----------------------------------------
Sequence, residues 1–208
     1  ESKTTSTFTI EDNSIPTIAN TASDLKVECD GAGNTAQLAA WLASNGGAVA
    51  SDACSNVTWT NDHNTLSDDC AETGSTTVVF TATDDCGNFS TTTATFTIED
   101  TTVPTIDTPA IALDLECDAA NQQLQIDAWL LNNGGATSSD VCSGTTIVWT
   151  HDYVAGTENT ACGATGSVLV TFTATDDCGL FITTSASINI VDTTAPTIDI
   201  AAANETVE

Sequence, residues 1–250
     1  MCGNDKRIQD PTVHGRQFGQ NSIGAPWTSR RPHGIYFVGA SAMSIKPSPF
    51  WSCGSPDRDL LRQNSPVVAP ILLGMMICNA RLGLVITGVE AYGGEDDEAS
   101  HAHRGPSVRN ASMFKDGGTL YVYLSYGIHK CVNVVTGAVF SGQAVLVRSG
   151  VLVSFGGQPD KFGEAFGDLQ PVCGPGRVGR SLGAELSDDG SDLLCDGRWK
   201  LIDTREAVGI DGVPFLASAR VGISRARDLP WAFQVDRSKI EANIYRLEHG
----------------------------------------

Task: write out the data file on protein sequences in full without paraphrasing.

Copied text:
Sequence, residues 1–208
     1  ESKTTSTFTI EDNSIPTIAN TASDLKVECD GAGNTAQLAA WLASNGGAVA
    51  SDACSNVTWT NDHNTLSDDC AETGSTTVVF TATDDCGNFS TTTATFTIED
   101  TTVPTIDTPA IALDLECDAA NQQLQIDAWL LNNGGATSSD VCSGTTIVWT
   151  HDYVAGTENT ACGATGSVLV TFTATDDCGL FITTSASINI VDTTAPTIDI
   201  AAANETVE

Sequence, residues 1–250
     1  MCGNDKRIQD PTVHGRQFGQ NSIGAPWTSR RPHGIYFVGA SAMSIKPSPF
    51  WSCGSPDRDL LRQNSPVVAP ILLGMMICNA RLGLVITGVE AYGGEDDEAS
   101  HAHRGPSVRN ASMFKDGGTL YVYLSYGIHK CVNVVTGAVF SGQAVLVRSG
   151  VLVSFGGQPD KFGEAFGDLQ PVCGPGRVGR SLGAELSDDG SDLLCDGRWK
   201  LIDTREAVGI DGVPFLASAR VGISRARDLP WAFQVDRSKI EANIYRLEHG